I spent a lovely part of yesterday evening laughing with Don and Becky over John McCain’s fantasy-based notion that, “the fundamentals of our economy are strong”.
As you know, politicians are comedies — until they get elected — when they turn into tragedies. So, Don, Becky, and I are getting in all the laughs now, while we still can.
It’s an open secret once McCain gets elected, he’ll turn the economy over to his political buddy and mentor, Phil Gramm, who will proceed to deregulate everything and continue with the trickle down economics of the Bush Administration. Gramm wrote McCain’s economic plan, and it’s most likely Gramm who keeps assuring McCain, “the fundamentals of our economy are strong”.
You might also remember Gramm as the person who, when told that a proposed Social Security measure would hurt people over 80, responded, “Most people don’t have the luxury of living to be 80 years old, so it’s hard for me to feel sorry for them.” Much more recently, he called Americans “a nation of whiners”.
So far as I’ve been able to find out, the US economy is on the verge of breaking. It has fundamental problems in housing, finance, employment, credit, health care and the federal budget.
I’ve heard that, at best, the next two or three years will be rough; that at worse, we are headed for a 1930s style depression with up to a third of adults out of work. Alan Greenspan calls the current crisis a “once in a century event”, and he says he’s never seen anything like it.
I’ve also heard that fantasy-based McCain — on no fewer than 16 occasions — has cheerfully announced, “the fundamentals of our economy are strong.” Obviously, it’s the only thing he knows about the economy — and it’s factually wrong.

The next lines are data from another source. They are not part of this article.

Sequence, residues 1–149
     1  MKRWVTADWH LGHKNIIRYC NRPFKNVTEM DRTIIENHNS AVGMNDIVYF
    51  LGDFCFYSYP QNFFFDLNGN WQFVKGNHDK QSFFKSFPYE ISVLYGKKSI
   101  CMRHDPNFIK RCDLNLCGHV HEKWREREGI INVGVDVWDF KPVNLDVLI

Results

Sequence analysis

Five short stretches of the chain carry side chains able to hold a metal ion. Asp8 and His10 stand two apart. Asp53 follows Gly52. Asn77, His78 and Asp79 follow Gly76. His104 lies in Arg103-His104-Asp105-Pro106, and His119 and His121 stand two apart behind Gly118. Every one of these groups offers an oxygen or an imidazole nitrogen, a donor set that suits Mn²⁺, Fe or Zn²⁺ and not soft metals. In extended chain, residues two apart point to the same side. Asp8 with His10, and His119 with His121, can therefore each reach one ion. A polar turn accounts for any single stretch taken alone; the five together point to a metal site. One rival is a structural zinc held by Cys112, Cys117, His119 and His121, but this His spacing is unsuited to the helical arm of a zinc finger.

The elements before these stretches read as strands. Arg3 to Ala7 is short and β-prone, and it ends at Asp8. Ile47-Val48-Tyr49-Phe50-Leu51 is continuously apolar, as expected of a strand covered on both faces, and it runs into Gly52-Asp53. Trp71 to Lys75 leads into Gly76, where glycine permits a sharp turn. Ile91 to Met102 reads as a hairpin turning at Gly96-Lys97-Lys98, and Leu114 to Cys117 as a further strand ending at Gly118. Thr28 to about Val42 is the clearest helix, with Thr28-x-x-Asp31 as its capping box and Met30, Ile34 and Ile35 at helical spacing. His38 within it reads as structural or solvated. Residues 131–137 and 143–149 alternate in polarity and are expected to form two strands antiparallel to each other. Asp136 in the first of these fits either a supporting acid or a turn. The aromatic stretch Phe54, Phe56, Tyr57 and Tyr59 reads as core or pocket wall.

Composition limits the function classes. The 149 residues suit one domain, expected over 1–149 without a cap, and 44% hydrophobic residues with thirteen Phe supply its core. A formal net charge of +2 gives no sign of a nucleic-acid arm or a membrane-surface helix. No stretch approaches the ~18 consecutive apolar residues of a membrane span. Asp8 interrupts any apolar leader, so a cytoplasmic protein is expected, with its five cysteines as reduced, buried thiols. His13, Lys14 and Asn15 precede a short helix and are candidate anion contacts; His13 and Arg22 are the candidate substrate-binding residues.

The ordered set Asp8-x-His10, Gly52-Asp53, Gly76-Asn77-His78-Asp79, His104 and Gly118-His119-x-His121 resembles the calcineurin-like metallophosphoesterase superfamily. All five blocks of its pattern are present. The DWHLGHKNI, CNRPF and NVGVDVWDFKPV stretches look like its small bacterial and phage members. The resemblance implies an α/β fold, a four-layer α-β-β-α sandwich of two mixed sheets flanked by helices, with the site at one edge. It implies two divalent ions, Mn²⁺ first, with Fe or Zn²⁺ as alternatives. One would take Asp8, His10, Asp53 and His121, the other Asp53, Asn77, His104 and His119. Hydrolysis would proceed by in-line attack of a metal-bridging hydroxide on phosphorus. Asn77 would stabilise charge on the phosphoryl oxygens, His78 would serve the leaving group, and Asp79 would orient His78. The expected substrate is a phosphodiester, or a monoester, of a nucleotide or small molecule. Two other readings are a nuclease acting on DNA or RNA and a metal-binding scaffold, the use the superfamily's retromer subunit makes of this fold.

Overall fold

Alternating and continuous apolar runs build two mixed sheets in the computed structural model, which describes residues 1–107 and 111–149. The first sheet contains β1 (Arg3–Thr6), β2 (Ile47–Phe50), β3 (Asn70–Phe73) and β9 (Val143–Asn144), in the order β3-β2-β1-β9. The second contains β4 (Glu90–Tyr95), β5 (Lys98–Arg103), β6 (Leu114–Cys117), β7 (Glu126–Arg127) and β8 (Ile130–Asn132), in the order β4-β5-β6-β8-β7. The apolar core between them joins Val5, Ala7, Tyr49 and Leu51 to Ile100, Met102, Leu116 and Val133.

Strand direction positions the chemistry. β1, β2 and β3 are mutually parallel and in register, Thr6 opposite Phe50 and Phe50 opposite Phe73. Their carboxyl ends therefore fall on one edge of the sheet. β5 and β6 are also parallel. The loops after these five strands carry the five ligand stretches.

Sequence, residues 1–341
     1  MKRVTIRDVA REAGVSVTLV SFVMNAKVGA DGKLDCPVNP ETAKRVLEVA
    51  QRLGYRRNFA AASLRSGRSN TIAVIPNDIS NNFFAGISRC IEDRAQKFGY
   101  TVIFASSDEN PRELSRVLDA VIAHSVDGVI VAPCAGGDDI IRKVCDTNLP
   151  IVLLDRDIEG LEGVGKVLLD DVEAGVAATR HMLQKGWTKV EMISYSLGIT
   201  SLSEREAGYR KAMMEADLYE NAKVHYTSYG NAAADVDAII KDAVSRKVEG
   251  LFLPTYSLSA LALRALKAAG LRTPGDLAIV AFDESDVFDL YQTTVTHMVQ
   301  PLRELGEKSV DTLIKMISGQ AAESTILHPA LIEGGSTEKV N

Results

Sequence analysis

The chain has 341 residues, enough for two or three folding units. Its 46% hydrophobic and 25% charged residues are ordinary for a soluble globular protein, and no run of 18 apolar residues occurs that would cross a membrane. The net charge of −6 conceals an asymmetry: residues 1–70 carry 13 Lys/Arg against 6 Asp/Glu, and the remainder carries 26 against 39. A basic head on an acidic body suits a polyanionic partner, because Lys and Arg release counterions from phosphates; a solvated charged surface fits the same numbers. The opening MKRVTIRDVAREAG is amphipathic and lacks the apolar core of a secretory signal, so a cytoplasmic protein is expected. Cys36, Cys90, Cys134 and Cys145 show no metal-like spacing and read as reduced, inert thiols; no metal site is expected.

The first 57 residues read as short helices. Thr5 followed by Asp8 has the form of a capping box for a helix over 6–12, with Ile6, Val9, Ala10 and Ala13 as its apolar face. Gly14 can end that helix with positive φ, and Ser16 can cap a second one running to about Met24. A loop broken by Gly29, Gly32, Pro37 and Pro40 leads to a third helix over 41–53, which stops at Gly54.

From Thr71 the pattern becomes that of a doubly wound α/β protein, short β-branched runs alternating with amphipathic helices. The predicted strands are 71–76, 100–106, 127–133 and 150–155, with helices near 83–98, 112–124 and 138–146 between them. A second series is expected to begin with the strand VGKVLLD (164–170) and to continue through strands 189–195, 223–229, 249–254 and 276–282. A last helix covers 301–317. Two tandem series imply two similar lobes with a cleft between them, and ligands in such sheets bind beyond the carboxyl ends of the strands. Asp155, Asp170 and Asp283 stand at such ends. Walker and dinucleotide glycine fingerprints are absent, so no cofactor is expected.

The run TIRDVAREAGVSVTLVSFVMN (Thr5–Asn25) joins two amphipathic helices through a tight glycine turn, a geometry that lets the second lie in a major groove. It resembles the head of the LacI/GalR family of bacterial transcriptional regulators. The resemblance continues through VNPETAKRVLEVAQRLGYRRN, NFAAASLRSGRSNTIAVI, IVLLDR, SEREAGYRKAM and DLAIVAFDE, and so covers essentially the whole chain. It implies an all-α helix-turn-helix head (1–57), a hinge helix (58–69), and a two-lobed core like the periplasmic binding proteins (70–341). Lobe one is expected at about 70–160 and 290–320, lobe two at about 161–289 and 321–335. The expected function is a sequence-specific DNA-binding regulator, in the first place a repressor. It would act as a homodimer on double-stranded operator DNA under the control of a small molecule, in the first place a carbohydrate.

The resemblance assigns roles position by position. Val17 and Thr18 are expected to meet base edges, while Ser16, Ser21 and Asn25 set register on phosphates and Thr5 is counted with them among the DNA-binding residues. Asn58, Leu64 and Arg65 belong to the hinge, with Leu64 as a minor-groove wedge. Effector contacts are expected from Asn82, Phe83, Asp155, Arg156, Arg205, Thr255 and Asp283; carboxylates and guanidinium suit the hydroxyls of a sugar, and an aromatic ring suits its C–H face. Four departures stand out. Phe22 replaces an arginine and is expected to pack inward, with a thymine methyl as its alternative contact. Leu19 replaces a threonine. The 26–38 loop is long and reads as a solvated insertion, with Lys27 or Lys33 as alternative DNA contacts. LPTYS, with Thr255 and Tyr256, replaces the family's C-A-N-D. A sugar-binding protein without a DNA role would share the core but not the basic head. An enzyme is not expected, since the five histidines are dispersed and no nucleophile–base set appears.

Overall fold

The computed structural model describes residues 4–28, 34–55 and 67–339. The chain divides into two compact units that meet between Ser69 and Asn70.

So, last night, Don, Becky, and I were laughing at all of it. Especially, at McCain’s recent praise for the American worker. We guessed McCain does not personally know any American workers. And if he does, he appears to care for them about as much as his buddy Phil Gramm cares for 80 year olds.
To paraphrase Abraham Lincoln: “If I didn’t laugh, I’d cry.”
Every four years, America seems to elect someone to the White House who is on unfamiliar terms with reality. Yesterday, Barack Obama — who appears to be some kind of realist — offered all of us a detailed plan involving “six core principles” for dealing aggressively with the current crisis. McCain, on the other hand, called for a commission to study the problem. So, why are the two candidates so close in the polls? Why does reality-challenged McCain have just as good a chance of becoming our next president as Barack Obama?
Me, I think it has something to do with how our society is fighting a culture war these days between the reality-based community and the fantasy-based community. I suspect McCain’s peculiar world view strongly resonates with the fantasy-based community, and the fantasy-based community is at least as large in this country as the reality-based community. When the fantasy-based community sees John McCain, it sees one of their own.